Hannibal is often considered the finest general the world has ever known. Setting out from Carthaginian-dominated Spain with a small army of select troops, he fought his way over the Pyrenees and crossed the Alps with elephants and a full baggage train. Descending into Italy, he destroyed the main Roman army at Lake Trasimeno and came close to conquering Rome itself. At Cannae, Hannibal’s brilliant cavalry tactics enabled him to destroy a reassembled Roman army, and his subsequent defeats over a 15-year stay in Italy were due more to lack of sufficient support from home than to any failings of generalship.
Theodore Ayrault Dodge’s classic history, first published in 1891, is equally perceptive of Hannibal’s military prowess and his visionary character. Dodge followed Hannibal’s route from Carthage to Italy, paying particular attention to the famous crossing of the Alps, exploring every pass in order to determine Hannibal’s route. In this book, he wrote an entire history of the art of war among these two mighty armies. Hannibal remains unequaled as the most comprehensive and readable study of history’s greatest general.
Public Domain (P)2011 Blackstone Audio, Inc.
“[This book] has never been bettered.” (Michael Grant, author of History of Rome)
History in brief. Not a detailed military text, maneuvers given in broad detail. Fairly dry material and preformed in a like manner.
Details on roman organization, arms and politicians. Hero worship of Hannibal throughout.
The Intuitive Warrior Author
The detail in this book was amazing. I've found few books dealing with this subject that had the detail and insight provided by the author. Not only was the author a civil war veteran giving his insight to battle strategy but he had also studied the accounts of ancient authors and visited the battle sites. Because the book was written in the late 1800's the fog of time was not as thick as it is now. I also enjoyed the authors insights from his perspective as an officer and how different tactics from the American civil war were similar or different. Overall outstanding book to listen to and I wish all the books by this author were available on the audible format. If they were I'd buy them all because this book was that engrossing and informative.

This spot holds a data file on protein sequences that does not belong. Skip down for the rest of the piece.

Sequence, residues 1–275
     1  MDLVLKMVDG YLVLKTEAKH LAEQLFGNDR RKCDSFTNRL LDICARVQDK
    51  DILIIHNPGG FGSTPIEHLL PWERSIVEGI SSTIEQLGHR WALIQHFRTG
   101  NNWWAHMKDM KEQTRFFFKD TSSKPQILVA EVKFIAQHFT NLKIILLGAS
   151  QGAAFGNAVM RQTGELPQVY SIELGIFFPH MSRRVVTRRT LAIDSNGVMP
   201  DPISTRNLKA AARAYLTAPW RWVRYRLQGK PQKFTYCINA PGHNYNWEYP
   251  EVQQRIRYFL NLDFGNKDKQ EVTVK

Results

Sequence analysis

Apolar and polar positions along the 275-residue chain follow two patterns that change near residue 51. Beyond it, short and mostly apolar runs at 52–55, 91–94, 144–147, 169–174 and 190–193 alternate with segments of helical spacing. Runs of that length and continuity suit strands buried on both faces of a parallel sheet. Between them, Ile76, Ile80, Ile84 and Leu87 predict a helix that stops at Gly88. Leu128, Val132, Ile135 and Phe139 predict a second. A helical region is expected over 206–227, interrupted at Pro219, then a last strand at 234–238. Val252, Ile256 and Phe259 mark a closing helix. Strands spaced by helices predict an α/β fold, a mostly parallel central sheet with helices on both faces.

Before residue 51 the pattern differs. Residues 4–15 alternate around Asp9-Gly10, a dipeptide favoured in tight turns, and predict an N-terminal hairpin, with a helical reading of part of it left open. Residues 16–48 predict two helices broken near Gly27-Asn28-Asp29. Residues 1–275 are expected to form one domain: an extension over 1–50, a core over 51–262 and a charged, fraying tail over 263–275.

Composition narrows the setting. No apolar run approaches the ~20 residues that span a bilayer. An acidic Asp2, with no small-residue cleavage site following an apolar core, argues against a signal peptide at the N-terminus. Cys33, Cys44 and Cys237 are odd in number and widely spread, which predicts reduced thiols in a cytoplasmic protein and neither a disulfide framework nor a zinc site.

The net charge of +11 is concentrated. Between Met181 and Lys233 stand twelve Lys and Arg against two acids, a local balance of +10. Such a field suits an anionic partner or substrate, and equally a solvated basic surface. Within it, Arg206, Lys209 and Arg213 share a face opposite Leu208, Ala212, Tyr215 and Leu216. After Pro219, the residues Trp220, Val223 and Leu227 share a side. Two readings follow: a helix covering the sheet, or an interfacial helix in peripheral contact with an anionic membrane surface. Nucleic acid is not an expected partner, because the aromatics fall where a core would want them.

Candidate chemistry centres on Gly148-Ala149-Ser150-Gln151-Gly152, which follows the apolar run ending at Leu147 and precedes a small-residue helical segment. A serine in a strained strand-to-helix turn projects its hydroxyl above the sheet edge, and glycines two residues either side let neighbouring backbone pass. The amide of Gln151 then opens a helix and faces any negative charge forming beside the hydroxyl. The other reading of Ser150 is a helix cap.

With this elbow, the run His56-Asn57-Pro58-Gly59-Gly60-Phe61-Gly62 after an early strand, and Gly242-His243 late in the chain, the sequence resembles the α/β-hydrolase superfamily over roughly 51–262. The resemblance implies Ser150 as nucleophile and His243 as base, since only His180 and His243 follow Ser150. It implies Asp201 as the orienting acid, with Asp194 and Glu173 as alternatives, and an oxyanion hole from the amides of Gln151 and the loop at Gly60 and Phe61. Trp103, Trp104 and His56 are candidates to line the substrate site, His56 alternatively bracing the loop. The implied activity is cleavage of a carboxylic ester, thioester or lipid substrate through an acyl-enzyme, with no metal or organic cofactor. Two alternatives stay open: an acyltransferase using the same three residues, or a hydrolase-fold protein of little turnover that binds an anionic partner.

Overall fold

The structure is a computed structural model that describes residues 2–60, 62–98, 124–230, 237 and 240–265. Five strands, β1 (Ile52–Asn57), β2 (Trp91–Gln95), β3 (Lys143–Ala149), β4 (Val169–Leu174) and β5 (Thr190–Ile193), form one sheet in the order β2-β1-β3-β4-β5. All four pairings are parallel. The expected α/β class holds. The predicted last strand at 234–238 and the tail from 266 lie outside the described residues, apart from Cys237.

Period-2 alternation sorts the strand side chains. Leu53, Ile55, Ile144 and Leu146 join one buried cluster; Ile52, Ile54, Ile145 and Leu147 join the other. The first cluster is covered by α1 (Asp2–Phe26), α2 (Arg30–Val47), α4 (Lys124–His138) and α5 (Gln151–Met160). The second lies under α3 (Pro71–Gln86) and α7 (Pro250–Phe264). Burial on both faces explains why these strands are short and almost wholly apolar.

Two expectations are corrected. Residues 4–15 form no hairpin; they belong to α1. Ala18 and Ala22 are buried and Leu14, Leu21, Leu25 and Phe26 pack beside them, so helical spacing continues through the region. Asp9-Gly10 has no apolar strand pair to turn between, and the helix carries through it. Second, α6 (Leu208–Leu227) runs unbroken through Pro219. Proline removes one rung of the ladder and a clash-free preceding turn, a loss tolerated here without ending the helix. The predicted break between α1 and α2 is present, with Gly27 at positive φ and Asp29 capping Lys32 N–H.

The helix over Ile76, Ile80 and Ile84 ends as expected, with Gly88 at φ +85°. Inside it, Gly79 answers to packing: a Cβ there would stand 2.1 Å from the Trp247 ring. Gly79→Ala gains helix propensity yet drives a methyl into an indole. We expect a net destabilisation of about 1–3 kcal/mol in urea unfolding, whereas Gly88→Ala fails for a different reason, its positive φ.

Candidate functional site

His strategy for crossing of the Alps.
The account of the famous strategic battle of Cannae. The author gave excellent insight into all the major characters involved in the action.
The tragic inability of Hannibal to receive the support from Carthage he needed to finish the Roman army and force a peace agreement.
I hope audible releases all the books of the author in Audible format
I do not know much about the author and can only infer the following from listening to the book:
He loves detail and not the story. Descriptions of formations, weapons etc were overdone while tactical and strategic goals (an the rest of the story) are dilluted. It is tough to put into words, however, the author uses 150 words to describe something that should take 10 words. The verbosity causes the reader to lose focus on the important things (why Hannibal was so successful and what made him tick). The author obviously researched Hannibal quite a bit and that is how the book reads….like an overcooked research paper. In short this book is comparable to the story of the guy who worries about the stain on his shirt while he is standing on the deck of a sinking ship….
A real character actor who has real voice inflection. The narrator has a monotone voice and mispronounces or over enunciates often.
The book is far from inspirational.
I read at least a book a week (hard copy) and one audible book per month....this book is the most boring book I have read in at least 5 years. I have no idea why people have rated the book so grandly...it put me to sleep often while driving in DC traffic.
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